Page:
Vegan Reality: As A Vegan, I Eat Real Food

Last Updated on December 20, 2023 by Kari

I get told that I eat fake food a lot. It seems to be a common way of describing vegan food nowadays – even for vegans. And it needs to stop. Even though I know that I’m not eating fake food, I also know that nobody wants to eat fake food, so if anyone is thinking about becoming vegan, the term ‘fake’ could cause them to not try.

Vegans Eat Real Food: They Just Don’t Eat Animal Products

vegan food real

Vegans eat real food. Even though many people will put ‘fake’ meat or ‘fake’ cheese in the description of certain vegan foods, the foods are not ‘fake’ by any means. It’s the wrong word to use. I think the best word would simply be ‘plant-based’.

‘Fake’ is just one of the unhelpful descriptions used for plant-based or vegan food. Other words include ‘substitute’ and ‘imitation’. These descriptions can be misleading and can leave people with the impression that vegan food is somehow inferior.

I recently saw someone’s description challenged in a Facebook post for vegan cheese. Someone who has been vegan for over 8 years had created a recipe for vegan feta, and in the description, they put ‘It tastes like REAL feta cheese!’ In the comments, one woman asked if it was plastic? The poster was confused and said ‘I don’t understand. Why would it be plastic?’ and the commenter said because you wrote that ‘it tastes real’, implying that it’s not a real food. While the original poster meant to convey that it tasted like dairy feta, her choice of words made the vegan feta sound like an inferior product that was trying to live up to ‘real feta’.

There is dairy feta and there is vegan feta, and one is not more real than the other. One may have been around longer, but they are both real food.

Why Do People Want Plant-Based Alternatives To Meat And Cheese?

One of the biggest questions I see is why people want ‘fake’ meat or cheese.

A lot of people pick up a vegan diet for ethical or environmental reasons. Even though they like dairy cheese or eating the taste of animals, they no longer want to eat that way for a variety of reasons. But they still want to have the same type of foods they are used to.

And some people have health concerns and want to incorporate more plant-based options into their diet. They may not necessarily be vegan, but they see the benefits of reducing or eliminating animal products from their meals. Again, they still want to eat the same type of foods they are used to.

Regardless of the reason, there is a growing demand for alternatives to meat and cheese that are made from plants. And these alternatives are just as much real food as their animal-based counterparts.

Are Plant-Based Products Healthier Than Animal Products?

There is often a misconception that plant-based products are automatically healthier than animal products. While incorporating more plants into your diet can have many health benefits, it’s important to note that not all plant-based options are created equal.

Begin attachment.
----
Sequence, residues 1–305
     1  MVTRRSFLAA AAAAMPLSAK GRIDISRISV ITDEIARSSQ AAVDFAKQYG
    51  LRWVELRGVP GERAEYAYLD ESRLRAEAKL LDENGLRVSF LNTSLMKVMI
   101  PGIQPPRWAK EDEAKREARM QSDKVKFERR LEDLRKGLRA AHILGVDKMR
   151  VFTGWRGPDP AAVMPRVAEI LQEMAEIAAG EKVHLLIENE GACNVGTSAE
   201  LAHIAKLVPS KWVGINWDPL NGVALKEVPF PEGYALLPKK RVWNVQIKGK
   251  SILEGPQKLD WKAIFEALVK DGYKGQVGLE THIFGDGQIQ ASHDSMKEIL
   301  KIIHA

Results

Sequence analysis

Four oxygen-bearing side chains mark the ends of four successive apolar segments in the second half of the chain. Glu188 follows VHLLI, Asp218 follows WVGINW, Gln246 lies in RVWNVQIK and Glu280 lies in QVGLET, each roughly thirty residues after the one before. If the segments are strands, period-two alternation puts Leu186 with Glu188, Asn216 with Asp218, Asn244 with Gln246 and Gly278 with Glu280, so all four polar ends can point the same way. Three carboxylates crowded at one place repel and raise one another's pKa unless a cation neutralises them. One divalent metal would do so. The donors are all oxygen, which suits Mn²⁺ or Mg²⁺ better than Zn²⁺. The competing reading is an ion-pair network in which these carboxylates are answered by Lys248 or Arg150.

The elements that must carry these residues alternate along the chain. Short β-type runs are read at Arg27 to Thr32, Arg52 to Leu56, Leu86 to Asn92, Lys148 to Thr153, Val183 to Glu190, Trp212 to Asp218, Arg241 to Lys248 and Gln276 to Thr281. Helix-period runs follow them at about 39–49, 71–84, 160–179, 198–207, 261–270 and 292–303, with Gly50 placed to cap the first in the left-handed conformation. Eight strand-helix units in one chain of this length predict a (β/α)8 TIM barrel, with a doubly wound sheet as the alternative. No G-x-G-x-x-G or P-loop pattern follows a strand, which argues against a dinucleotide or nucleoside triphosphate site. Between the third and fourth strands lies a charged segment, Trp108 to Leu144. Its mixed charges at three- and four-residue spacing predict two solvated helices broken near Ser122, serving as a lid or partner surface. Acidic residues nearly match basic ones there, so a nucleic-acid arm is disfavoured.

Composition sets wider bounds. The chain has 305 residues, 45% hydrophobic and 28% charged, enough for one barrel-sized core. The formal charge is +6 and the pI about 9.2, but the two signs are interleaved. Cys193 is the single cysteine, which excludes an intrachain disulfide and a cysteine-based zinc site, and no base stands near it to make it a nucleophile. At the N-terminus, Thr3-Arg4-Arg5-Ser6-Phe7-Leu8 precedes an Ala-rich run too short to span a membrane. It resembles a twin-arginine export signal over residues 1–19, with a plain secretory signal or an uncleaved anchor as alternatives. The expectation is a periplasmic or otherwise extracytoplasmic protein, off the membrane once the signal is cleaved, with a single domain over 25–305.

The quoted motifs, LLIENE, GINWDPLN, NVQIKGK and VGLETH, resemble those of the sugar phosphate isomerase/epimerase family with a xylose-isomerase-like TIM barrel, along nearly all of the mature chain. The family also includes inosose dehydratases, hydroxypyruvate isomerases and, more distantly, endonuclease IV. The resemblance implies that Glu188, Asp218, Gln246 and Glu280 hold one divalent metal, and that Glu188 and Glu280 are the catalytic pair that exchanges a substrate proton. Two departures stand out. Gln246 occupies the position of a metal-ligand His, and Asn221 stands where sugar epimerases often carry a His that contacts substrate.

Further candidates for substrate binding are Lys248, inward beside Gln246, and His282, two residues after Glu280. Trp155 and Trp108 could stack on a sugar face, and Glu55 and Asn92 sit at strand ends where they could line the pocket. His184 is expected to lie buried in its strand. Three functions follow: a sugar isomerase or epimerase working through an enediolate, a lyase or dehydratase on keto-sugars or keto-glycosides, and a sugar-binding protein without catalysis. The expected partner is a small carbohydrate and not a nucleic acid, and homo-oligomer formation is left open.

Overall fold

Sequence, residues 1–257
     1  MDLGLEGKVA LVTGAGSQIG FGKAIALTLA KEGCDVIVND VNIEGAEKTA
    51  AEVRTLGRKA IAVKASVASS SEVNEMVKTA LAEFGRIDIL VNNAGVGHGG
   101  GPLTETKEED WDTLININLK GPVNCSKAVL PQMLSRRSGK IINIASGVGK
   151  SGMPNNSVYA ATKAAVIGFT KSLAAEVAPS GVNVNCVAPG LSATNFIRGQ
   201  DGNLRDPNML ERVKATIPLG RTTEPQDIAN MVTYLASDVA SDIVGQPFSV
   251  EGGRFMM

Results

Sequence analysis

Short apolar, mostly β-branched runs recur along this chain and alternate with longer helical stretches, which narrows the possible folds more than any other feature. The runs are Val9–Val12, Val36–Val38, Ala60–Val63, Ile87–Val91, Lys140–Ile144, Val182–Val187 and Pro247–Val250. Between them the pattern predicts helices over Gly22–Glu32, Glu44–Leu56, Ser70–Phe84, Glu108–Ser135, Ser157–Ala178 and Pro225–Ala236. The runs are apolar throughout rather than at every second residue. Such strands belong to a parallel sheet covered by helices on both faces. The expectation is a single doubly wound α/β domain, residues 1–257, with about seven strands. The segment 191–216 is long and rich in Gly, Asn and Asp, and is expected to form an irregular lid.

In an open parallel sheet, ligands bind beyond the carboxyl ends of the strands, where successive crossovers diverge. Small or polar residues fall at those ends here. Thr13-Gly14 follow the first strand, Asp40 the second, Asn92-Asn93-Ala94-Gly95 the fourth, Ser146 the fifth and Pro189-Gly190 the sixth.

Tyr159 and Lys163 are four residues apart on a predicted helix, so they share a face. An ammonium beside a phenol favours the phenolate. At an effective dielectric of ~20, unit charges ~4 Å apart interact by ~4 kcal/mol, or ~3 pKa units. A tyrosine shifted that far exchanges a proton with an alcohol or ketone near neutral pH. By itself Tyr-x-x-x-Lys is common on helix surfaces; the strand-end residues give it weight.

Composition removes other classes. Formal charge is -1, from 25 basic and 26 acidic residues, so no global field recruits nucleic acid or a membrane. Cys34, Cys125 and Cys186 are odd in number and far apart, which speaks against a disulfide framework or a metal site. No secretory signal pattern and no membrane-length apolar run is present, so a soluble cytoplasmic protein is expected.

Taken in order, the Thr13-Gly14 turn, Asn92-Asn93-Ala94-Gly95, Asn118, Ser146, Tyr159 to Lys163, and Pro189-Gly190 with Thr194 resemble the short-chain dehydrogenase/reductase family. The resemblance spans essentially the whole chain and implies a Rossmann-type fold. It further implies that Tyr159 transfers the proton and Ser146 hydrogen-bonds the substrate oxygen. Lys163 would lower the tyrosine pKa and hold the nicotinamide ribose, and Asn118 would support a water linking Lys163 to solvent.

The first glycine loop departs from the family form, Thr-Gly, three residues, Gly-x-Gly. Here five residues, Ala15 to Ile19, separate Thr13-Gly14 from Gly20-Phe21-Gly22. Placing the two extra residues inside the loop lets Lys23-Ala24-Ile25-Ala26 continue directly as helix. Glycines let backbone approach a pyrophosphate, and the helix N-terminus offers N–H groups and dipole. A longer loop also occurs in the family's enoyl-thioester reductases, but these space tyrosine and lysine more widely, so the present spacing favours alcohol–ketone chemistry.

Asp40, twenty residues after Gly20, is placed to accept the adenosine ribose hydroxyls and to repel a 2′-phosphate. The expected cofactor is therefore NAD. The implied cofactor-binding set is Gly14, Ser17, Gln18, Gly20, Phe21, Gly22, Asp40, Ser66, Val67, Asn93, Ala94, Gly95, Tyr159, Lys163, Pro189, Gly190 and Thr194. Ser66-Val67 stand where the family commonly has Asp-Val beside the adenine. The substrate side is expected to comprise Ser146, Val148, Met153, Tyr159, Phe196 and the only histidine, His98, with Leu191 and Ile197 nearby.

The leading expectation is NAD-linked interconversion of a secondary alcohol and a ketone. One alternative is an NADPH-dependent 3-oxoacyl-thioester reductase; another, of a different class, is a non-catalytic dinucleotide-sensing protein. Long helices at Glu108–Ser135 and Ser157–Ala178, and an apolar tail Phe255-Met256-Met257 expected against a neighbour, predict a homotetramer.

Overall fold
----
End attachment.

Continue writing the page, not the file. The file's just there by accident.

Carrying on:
For example, a plant-based burger made from processed ingredients and loaded with sodium and preservatives may not be healthier than a grass-fed beef burger.

That being said, choosing whole, unprocessed plant-based foods can have numerous health benefits such as lower cholesterol and blood pressure levels, improved digestion, and increased energy. And there are lots of whole unprocessed options out there.

It’s all about making informed choices and finding a balance that works for you.

How To Include More ‘Real Food’ In Your Diet As A Vegan

Some tips for incorporating more plants into your diet include trying new recipes with vegetables as the main focus, swapping out meat for plant-based proteins like beans and tofu, and choosing whole grains over refined carbohydrates. It’s also important to make sure you’re getting enough essential nutrients, such as protein, iron, and B vitamins, through a varied and well-balanced diet.

Using nuts or tofu recipes to replace cheese sauces and spreads is a great way to add more healthy fats and protein into your meals.

I would recommend getting yourself some good vegan cookbooks or following some vegan websites to help you start cooking real food as a vegan so that you can start to figure out what works best for you. Soon you will know what foods you like the best and how you can incorporate them into your meals.

Examples Of Real Vegan Foods

In the coming year, I plan to review a lot of vegan recipes because we are getting a ton of vegan cookbooks for Christmas this year. I’m looking forward to eating all the food and helping people understand that if they want to go vegan, there are still plenty of ‘real’ foods out there that they can eat.

Some examples of vegan foods that are real include:

  • Quinoa and vegetable stir-fry with tofu
  • Perogy pizza with vegan cheese sauce
  • Lentil soup with fresh vegetables and whole grain bread
  • Portobello mushroom burgers topped with avocado, tomato, vegan mayo, creamy jalapeno cashew cream, and lettuce on a whole wheat bun.
  • Veggie-packed smoothies made with fruits, leafy greens, and plant-based milk.
  • Roasted chickpea and vegetable curry over brown rice
  • Stuffed bell peppers with quinoa, black beans, corn, and salsa.
  • Nut butter and banana sandwiches on whole grain bread.
  • Veggie sushi rolls with avocado, cucumber, carrot, and tofu or tempeh.
  • Black bean tacos with lettuce, tomato, salsa, vegan nacho cheese, and guacamole in a corn tortilla.
  • Veggie and bean chili served with whole grain crackers or cornbread.
  • Bean curry with naan.

I definitely eat more as a vegan than I did before going vegan. I enjoy food more.

The possibilities for ‘real’ food are endless. I’m excited to get cooking for the year to come.

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